Much of the selling in stocks right now is a response to concern about whether a newly re-elected President Obama and a Republican-controlled House of Representatives will be able to reach an agreement to deal with expiring income tax cuts and large pre-planned spending cuts.

For more on how big money managers traded in the third quarter, here is a breakdown by sectors and high-profile stocks:

CONSUMER

Yale University's $19.3 billion endowment acquired 133,000 shares of children's clothing company Carter's Inc. Tiger Consumer added about 500,000 shares to its stake in Monster Beverage Corp, whose stock dropped 24 percent in the third quarter.

TPG-Axon opened a new 1.2 million stake retail chain Dollar General Corp.

Third Point opened a 5 million share position in Kraft Foods Group Inc.

FINANCIALS

Farallon Capital Management nearly doubled it position in credit card company Visa Inc to 1.17 million shares. Alyeska Capital raised it stake in Citigroup Inc to 943,000 shares from 181,400 shares.

Viking Global added a new position in Citigroup, buying nearly 2 million shares. Maverick Capital also jumped on the Citigroup bandwagon, nearly doubling its position to 5 million shares.

Appaloosa Management made lots of move in financials in the second quarter, opening an 8.25 million stake in American International Group Inc and opening a 2.4 million shares position in JPMorgan Chase & Co. Meanwhile, the David Tepper-led fund cut its position in Bank of America Corp by 1.1 million shares.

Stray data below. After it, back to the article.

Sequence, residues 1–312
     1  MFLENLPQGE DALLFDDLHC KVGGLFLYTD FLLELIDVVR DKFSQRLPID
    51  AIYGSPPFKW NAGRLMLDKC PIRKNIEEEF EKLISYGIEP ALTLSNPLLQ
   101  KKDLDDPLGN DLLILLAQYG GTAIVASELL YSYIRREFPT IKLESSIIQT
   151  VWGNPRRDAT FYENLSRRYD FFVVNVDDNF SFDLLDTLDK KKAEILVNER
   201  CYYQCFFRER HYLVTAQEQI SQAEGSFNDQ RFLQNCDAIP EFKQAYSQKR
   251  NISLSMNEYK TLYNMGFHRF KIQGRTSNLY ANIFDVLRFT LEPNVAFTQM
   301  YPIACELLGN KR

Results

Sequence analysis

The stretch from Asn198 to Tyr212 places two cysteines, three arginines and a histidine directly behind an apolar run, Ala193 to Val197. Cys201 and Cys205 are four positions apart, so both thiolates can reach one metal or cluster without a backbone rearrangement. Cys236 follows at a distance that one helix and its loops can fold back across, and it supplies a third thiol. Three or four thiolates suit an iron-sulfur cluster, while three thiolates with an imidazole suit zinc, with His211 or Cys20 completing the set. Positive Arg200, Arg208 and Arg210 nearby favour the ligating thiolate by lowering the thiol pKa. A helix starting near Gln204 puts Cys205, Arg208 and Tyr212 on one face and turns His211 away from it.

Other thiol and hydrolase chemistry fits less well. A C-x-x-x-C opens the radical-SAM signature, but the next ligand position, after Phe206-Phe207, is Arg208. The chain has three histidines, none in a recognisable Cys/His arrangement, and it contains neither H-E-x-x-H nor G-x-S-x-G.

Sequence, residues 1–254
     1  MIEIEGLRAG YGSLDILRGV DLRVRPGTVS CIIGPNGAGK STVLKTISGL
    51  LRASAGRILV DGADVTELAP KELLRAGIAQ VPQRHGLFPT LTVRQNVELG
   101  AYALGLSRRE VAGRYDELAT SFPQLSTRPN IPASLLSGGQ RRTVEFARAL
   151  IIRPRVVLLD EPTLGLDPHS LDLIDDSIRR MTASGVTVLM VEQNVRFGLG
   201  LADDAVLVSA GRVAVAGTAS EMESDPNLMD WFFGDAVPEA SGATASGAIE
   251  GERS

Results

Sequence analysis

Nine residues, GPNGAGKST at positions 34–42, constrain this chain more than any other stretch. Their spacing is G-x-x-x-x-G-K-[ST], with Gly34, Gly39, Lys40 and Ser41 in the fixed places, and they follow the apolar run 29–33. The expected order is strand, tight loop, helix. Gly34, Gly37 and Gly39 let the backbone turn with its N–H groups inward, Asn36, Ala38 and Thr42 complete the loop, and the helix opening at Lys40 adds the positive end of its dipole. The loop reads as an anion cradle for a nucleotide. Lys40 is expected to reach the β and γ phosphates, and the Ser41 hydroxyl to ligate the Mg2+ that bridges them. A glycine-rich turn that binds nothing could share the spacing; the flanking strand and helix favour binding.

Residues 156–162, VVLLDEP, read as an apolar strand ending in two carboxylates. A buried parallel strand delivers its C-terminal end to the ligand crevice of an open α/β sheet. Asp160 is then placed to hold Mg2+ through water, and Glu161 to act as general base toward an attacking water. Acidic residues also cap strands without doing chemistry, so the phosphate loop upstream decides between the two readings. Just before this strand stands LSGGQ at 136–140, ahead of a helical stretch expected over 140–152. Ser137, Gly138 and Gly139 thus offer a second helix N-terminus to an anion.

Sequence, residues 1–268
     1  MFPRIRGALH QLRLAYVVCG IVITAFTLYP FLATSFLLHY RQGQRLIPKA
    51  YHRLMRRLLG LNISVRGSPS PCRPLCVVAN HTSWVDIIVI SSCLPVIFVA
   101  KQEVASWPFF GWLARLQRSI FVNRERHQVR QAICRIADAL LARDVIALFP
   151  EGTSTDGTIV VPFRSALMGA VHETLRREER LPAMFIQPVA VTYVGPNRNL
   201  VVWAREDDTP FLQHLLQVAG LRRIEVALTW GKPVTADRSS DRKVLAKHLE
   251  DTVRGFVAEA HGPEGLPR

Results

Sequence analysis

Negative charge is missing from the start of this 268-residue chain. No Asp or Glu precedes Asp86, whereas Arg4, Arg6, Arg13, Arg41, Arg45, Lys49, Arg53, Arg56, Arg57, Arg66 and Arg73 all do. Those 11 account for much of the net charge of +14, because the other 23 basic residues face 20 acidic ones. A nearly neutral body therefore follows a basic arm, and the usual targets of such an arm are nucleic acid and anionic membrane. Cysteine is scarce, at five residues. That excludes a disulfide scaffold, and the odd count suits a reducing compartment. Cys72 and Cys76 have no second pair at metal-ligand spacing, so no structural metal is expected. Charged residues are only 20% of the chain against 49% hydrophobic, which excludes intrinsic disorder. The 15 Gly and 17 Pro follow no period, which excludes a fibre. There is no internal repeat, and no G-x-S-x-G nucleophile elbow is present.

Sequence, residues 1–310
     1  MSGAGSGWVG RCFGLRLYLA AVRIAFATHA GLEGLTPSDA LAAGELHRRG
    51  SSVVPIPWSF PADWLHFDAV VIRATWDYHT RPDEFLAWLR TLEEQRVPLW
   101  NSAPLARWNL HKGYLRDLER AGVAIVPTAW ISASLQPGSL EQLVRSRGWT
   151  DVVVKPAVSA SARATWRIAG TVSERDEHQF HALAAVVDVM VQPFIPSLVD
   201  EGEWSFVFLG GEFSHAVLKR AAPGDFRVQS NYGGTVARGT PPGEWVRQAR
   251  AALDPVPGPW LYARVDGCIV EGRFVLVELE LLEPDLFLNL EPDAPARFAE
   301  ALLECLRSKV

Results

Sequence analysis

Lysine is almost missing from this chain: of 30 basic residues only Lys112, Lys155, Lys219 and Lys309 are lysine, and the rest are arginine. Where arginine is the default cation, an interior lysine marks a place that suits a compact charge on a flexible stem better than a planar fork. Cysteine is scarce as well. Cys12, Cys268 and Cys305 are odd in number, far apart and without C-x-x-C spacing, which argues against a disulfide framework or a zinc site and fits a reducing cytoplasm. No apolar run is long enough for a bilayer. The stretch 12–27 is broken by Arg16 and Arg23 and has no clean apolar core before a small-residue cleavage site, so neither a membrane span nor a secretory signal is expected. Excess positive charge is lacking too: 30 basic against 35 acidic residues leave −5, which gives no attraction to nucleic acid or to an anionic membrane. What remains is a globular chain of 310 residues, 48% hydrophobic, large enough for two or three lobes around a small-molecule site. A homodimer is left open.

Billionaire investor George Soros' family office, Soros Fund Management, also opened a new position in AIG, adding 15 million shares, along with put options covering 250,000 shares. A put option allows a trader to sell a security at a specified price.

Soros also added new positions of 1.5 million shares in Citigroup.

HEALTHCARE

Greenlight Capital increased its stake in Aetna Inc to 4.4 million shares, up from 3.1 million at the end of the second quarter. At the same time, the Einhorn-led fund sold out its position in Wellpoint Inc.

Third Point, meanwhile, raised its stake in Wellpoint to 1.25 million shares from 850,000 in the second quarter. But the Dan Loeb hedge fund exited positions in Humana, Aetna and cut its stake in Cigna Inc nearly in half to 1.4 million shares.

Jana Partners opened a new stake in Aetna of 2.3 million shares.

HOUSING

Brigade Capital Management roughly doubled its stake in Beazer Homes USA Inc to 2.5 million shares, but eliminated its 500,000 share position in DR Horton Inc.

INTERNET

Tiger Global raised its stake in Facebook Inc to 11.7 million shares from 2 million shares at the end of the second quarter.

Viking Global Investors opened a 4.1 million position in Facebook.

MEDIA

TPG-Axon cut its largest holding, Sirius XM Radio Inc, by over 55 million shares and reducing its position to 31.8 million.

TECH

Eton Park Capital Management more than cut its stake in Apple Inc, reducing its holding to 250,000 shares.

(Reporting by Svea Herbst-Bayliss, Katya Wachtel, Aaron Pressman, Samuel Forgione and Manuela Badawy.; Compiled by Matthew Goldstein and Jennifer Ablan; Editing by Andre Grenon and Dan Grebler)